Really, when it comes to MMO juggling, you just have to find what works for you.  For me, it’s having a little bit of discipline and structure without becoming draconian about it.

9 thoughts on “The three-quest rotation plan revisited

  1. Alas, I can only manage one at a time. Perhaps it’s my short attention span — I simply forget about all other games while I’m excited about one of them.

    How you deal with MMOs is almost a game in and unto itself.

  2. I’ve only ever managed to have a main game and a single “alt” game, if at all. I’m glad you enjoy juggling. I get to hear about more games. 🙂

  3. I just play what I feel like playing for as long as I feel like playing it. If that means one game gets the lion’s share of my time (/wave TSW) then so be it.

    I resigned myself a while back to the fact that there will be gluts (like now) when there’s far more I’d like to do than I’ll ever have time for and famines when I’ll struggle to find enough to keep me occupied. I definitely prefer the gluts.

  4. These-days I tend to vary games by session. So on evenings where friends are free I’ll play games they also play (DDO currently, soon to be GW2). On other evenings I’m free to do something with guild mates or solo (LoTRO, SWTOR currently). On a weekend if I’m at home I might play one game in the afternoon and a different one in the evening to mix things up – but it all depends what I’m doing outside of gaming as well.

  5. This is an interesting concept, although I don’t think it would work for me personally. I just don’t have enough discipline! I typically pick one game I stick with for the evening, which admittedly does have the risk of ending up playing one game more than the other on a weekly base. I think not abandoning one game totally during a period of time is only due to the people I’m connected to in each game and the fact that I sign up for raids (I juggle between LotRO and SWTOR).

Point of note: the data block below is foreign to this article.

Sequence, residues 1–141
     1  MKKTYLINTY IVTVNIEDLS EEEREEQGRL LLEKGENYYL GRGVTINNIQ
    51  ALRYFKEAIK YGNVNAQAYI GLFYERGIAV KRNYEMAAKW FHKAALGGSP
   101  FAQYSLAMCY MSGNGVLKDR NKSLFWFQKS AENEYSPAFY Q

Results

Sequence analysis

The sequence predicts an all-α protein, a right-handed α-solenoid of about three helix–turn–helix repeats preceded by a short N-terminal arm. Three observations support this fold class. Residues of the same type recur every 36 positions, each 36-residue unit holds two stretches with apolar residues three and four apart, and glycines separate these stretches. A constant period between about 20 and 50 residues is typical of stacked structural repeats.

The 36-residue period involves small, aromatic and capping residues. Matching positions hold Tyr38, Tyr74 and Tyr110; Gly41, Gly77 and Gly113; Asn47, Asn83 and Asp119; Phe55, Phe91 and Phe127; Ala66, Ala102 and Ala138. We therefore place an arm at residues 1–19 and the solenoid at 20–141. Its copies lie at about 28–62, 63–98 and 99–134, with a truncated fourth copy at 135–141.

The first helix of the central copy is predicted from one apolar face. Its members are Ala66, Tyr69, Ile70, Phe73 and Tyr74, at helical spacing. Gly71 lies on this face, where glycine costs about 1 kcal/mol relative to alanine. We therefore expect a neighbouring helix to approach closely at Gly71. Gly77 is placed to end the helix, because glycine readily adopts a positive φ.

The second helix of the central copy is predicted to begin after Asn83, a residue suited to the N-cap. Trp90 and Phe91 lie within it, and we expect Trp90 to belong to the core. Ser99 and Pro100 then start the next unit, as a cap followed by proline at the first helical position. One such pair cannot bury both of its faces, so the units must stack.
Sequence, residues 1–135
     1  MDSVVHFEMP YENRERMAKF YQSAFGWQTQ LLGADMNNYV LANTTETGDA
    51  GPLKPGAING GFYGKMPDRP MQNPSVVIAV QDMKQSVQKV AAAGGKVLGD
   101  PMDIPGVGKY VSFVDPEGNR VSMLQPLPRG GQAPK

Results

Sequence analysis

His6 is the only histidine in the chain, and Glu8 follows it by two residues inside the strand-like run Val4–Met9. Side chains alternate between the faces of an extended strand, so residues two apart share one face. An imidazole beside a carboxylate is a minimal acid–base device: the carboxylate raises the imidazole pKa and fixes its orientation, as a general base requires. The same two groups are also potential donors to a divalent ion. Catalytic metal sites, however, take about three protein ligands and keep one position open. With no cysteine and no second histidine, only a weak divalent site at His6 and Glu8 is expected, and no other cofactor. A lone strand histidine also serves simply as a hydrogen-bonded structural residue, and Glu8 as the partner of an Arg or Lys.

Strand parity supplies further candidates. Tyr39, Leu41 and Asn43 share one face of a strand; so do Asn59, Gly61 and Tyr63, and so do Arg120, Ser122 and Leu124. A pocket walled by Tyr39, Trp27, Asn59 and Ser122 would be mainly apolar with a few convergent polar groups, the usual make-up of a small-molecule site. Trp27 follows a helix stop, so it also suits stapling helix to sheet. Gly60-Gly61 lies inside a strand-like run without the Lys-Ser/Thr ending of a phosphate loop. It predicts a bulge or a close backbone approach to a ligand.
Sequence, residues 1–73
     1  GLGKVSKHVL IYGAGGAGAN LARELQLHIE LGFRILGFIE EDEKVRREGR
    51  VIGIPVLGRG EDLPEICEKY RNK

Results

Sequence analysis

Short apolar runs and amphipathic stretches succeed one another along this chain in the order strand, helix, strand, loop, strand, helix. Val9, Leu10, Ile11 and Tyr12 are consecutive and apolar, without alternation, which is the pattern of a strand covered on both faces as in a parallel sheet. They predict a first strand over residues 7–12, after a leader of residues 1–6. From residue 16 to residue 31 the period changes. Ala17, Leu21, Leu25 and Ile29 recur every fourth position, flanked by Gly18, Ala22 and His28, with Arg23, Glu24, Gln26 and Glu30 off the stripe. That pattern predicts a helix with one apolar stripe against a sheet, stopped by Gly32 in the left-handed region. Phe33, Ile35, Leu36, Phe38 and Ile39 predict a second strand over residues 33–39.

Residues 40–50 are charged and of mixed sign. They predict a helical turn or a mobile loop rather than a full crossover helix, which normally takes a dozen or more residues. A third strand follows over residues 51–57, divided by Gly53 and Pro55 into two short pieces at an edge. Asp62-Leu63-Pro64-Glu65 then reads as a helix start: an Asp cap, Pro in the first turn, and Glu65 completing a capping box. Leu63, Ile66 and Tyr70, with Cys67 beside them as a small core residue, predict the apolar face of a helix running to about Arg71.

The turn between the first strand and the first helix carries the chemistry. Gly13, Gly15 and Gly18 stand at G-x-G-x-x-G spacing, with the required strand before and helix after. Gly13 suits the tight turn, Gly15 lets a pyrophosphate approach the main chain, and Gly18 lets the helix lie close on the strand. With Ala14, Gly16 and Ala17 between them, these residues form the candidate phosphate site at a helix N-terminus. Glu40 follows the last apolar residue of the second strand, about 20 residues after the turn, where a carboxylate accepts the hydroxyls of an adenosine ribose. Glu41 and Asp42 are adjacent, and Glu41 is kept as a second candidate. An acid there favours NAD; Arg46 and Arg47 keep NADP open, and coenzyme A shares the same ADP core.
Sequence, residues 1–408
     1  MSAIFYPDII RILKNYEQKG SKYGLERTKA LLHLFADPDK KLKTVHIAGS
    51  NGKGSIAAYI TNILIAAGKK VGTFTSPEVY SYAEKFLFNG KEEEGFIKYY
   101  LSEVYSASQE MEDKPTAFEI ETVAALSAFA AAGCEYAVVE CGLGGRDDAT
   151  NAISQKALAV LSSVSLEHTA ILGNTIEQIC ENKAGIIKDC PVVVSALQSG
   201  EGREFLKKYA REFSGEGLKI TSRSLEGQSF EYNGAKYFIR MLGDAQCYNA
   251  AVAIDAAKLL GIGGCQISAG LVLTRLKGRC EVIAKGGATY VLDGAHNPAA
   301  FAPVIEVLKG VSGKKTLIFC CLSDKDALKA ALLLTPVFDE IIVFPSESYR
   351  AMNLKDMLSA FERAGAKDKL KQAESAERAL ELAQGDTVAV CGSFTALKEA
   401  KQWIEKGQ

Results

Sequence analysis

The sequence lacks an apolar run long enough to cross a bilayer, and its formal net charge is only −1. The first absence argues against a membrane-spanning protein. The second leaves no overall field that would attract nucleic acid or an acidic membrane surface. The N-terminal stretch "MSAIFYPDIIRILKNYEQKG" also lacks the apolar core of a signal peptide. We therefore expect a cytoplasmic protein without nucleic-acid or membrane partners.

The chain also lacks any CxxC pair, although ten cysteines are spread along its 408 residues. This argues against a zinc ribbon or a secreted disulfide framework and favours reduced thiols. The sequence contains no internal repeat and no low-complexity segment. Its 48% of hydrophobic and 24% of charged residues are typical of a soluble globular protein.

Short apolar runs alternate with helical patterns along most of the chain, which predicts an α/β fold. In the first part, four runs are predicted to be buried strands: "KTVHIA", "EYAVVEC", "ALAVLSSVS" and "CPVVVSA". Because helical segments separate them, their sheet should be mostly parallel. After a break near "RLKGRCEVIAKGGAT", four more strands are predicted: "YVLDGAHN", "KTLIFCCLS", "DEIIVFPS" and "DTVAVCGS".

I like taking a dive and getting into a game and wouldn’t enjoy it so much if I would have to swap between different games all the time during one evening. I’m curious to see if your juggler strategy will stick (not in a mean way, just genuinely curious). It’s cool to hear about how different ‘quests’ are experienced in each game.

  6. I don’t switch between games, I tend to stick with LOTRO, but I do have a few alts that I’m leveling up at the moment. What I’ve started to do is use the day/night cycle in the game as a signal to switch to a different character.

    One alt quests from dawn to dusk, then I switch to another one to quest with from dusk to dawn.

    Maybe you can use that as a way to manage how much time you spend in LOTRO, instead of using an “x many quests” approach.

  7. Jack of all Trades but Master of none?

    I couldn’t do what you have planned, fortunately, I don’t have three (or more) MMOs to play though I sort of consider each of the social groups I participate in as ‘another game’.

    For example I have my PVE presence on Stormrage (yes, WoW) where I cap out my valor points for the week quickly on one character (I’m almost done with needing Valor Points for this toon so this will drop off at that point) then do a few dailies on another (5 mounts away from 100!). Once that is done, I pop over to Bonechewer which is PVP and my toon there is on Horde side with a different circle of people.

    For Group1 I tend to be on daily, especially during the week. For Group2 I tend to be on during the weekends mainly.

    Once I attain what I was aiming for on Group1 server, MoP should be out setting a new set of goals.

    I expect Guild Wars 2 to complicate this somewhat, but not a lot. In all honesty, I expect Group2 will suffer, but then most of them will likely be playing GW2.